Lamps Have A Secret Electrical Symbol? Really?

Homeschooling your children is a rewarding and challenging endeavor. From reading classic literature to building up mathematical skills to learning how to identify the call of a chickadee – as a homeschooling parent you must embrace creativity. Practical projects that are based in the home can be portals to increased knowledge of physics and even basic project management! This article will show you, step by step, how to introduce your young students to electrical symbols and plans. This project works well for ages 7 and up. Let the learning begin!


Take Out Your Sketch Pads

The first part of this practical project is selecting a room to sketch. The kitchen is usually a great place to choose, as there are appliances and lots of lights and electrical outlets. You should instruct your student to include all windows, doors, appliances, and cupboards in the drawing. Sketching is a challenge for some kids and a breeze for others – adjust time accordingly.


The Sherlock Holmes of Energy Sources

Kids love to investigate – making a list of all of the energy sources in the selected room will plug into that impulse. Of course, make sure that you double-check their work so that the final work product is accurate!


The Case of the Missing Electrical Symbols

Electrical symbols are simply pictograms that have become commonly accepted, over time, to represent things like lamps or motors. An imaginative exercise can be used here; have the students draw an electrical symbol for each different element on their list. Stress that the electrical symbol should be as simple as possible. You will be no doubt enchanted with the pictograms they conjure up.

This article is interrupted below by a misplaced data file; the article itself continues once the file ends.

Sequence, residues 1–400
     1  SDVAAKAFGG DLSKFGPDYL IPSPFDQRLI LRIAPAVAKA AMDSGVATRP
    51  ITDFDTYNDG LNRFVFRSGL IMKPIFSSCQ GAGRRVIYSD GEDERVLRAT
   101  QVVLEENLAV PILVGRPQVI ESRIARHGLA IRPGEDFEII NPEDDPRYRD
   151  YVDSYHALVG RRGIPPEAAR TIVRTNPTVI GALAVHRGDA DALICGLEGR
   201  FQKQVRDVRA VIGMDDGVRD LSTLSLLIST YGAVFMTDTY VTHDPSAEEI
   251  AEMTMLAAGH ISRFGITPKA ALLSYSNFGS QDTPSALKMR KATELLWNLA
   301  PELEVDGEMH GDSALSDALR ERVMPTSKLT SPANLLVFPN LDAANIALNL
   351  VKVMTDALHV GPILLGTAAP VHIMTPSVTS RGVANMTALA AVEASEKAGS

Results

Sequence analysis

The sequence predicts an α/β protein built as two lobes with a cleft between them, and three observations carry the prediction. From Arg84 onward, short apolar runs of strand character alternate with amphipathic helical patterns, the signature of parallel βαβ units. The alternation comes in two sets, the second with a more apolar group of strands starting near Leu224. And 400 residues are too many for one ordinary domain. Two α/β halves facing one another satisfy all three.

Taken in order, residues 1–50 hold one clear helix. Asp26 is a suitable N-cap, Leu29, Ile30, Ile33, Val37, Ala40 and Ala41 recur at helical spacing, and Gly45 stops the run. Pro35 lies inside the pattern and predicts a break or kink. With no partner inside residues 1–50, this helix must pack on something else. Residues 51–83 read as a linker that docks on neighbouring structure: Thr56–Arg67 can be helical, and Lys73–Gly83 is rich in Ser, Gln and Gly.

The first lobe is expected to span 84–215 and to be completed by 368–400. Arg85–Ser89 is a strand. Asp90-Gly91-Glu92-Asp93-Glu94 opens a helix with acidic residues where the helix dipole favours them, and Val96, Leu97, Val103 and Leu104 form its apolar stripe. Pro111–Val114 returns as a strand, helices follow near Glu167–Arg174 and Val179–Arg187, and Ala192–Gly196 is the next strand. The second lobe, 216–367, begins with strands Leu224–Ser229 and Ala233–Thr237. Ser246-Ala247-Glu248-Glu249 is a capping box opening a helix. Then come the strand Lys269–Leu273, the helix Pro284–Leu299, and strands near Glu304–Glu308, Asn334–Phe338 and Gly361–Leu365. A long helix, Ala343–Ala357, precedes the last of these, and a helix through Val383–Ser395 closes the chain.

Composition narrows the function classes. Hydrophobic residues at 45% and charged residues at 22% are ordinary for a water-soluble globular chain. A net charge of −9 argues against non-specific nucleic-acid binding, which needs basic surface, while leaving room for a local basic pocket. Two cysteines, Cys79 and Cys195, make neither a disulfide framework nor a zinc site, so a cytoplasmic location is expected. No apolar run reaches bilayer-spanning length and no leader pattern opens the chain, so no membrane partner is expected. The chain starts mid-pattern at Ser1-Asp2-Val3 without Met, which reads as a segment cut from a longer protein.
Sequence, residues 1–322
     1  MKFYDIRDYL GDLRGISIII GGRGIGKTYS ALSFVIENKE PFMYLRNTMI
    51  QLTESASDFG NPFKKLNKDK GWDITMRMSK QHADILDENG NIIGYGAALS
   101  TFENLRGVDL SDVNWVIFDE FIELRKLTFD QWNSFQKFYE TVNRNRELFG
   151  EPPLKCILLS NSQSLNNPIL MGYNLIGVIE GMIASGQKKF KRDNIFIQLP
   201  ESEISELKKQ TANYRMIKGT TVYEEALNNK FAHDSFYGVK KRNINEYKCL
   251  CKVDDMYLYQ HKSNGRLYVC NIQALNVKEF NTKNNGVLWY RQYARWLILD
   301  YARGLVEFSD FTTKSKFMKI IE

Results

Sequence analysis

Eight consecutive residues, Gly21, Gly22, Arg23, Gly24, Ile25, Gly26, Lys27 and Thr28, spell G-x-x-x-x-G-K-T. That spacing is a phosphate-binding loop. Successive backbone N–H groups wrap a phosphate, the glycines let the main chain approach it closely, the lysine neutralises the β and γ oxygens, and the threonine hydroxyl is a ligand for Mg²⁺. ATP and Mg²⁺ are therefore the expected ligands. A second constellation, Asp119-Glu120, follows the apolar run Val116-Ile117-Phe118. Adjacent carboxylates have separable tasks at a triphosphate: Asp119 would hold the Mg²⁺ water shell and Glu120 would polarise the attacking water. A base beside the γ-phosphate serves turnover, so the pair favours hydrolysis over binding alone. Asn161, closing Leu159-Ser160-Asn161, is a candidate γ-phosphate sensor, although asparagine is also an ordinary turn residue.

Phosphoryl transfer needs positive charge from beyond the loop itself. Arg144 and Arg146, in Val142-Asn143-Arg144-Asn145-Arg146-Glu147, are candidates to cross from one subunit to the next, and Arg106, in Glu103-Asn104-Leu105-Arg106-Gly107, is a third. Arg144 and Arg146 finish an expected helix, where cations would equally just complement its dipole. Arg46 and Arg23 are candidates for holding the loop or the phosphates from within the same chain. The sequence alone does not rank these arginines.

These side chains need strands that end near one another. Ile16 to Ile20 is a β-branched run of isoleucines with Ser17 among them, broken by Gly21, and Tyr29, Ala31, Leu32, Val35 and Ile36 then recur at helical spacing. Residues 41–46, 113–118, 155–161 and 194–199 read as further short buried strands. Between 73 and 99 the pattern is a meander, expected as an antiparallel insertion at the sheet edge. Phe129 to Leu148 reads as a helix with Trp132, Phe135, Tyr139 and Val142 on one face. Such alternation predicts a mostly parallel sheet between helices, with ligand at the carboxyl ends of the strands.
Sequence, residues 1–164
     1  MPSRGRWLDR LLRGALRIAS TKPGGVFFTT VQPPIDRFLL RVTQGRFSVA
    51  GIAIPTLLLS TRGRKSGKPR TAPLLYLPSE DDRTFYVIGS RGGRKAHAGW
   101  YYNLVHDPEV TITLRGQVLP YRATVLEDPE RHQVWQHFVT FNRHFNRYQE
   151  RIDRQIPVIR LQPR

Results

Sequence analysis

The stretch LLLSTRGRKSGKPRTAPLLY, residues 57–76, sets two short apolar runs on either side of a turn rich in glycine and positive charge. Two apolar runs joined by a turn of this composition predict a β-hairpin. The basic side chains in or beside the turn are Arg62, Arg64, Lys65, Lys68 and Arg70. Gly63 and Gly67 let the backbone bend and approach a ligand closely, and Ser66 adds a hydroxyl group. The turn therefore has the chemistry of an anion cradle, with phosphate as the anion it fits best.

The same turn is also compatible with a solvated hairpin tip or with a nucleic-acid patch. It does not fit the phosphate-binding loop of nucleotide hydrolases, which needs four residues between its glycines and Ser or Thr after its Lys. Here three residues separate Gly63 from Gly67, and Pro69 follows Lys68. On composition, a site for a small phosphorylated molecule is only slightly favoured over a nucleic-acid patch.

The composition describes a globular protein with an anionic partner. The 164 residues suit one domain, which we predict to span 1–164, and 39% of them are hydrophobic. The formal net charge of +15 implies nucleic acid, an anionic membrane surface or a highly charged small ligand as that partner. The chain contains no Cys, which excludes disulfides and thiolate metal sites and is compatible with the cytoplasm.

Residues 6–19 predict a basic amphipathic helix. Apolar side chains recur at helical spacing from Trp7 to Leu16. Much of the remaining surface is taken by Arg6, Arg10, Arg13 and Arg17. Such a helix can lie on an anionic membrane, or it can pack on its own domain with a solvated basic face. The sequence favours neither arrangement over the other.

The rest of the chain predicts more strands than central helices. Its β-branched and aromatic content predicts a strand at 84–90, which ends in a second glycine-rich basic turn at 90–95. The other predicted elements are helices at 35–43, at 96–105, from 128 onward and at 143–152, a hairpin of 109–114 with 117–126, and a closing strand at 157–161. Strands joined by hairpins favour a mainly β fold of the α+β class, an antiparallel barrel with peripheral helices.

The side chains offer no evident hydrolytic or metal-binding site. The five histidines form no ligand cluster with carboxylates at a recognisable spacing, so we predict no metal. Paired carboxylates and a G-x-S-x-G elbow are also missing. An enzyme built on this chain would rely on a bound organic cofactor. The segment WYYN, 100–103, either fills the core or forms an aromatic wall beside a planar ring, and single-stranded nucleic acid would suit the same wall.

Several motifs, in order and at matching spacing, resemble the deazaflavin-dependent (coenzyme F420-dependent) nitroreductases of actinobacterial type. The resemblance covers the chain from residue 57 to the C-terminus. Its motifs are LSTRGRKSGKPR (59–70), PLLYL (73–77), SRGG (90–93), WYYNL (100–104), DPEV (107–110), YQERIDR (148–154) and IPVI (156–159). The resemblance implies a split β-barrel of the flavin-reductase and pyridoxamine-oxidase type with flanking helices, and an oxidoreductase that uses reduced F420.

Reality Rears Its Head

Now that your students have happily created pictograms for their list of energy sources, send them off to research. You can have them look up basic electrical symbols like “lamp” or “motor” or “buzzer” on the Internet. Having them at least attempt the research themselves will build their confidence in this skill. When they have hit the research wall, step in and offer a worksheet. You can create your own or download one from an educational site on the Internet. Here is a list of the names of electrical symbols suitable for this age group:

  • Cell
  • Battery
  • Lamp
  • Buzzer
  • Motor
  • Push switch
  • Open switch
  • Closed switch
  • Resistor
  • Variable resistors
  • Wires
  • Where Wires Meet


Show-and-Tell Time

A practical way of introducing unfamiliar vocabulary is to show physical example of each word in your home. Be prepared for lots of questions!


Sketching in Symbols

When you have determined that the young minds have absorbed the basic ideas behind each symbol, it is time to have them sketch in (using pencil!) the electrical symbols on their drawings. Matching up the symbols with the physical energy sources in the room will prove a challenge. Explaining clearly that the process should take a few tries will reduce any pressure or stress.



The students will be left with a physical drawing, a basic electrical diagram which will serve very as a basis for further lessons related to electronics and electrical symbols. This should have the teacher beaming!